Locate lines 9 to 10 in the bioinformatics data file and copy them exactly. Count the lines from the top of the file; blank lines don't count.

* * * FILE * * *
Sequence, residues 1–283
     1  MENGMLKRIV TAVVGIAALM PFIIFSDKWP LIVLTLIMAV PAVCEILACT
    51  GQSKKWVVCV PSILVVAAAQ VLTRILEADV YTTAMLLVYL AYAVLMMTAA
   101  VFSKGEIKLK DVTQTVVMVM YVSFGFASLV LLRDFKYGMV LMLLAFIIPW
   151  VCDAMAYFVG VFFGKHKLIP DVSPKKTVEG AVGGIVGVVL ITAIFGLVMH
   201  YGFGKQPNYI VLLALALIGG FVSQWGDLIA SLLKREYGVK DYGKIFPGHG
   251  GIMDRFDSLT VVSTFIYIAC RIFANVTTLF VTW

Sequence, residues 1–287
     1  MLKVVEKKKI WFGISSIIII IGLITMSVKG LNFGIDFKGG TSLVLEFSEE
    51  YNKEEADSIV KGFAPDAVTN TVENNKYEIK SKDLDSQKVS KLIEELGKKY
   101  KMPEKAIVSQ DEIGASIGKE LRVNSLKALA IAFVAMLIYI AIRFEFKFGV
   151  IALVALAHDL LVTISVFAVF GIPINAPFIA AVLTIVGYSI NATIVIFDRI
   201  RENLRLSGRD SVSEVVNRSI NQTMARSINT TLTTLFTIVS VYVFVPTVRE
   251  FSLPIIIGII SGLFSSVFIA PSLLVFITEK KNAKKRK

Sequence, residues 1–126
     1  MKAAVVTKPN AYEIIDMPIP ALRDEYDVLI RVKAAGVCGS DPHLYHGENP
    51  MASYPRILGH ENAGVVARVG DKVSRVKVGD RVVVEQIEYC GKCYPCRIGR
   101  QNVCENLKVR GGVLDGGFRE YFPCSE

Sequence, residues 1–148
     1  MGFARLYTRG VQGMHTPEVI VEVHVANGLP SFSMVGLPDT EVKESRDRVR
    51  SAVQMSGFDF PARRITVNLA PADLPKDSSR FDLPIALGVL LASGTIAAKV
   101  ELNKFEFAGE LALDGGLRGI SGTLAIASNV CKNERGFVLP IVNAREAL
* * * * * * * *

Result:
     1  MLKVVEKKKI WFGISSIIII IGLITMSVKG LNFGIDFKGG TSLVLEFSEE
    51  YNKEEADSIV KGFAPDAVTN TVENNKYEIK SKDLDSQKVS KLIEELGKKY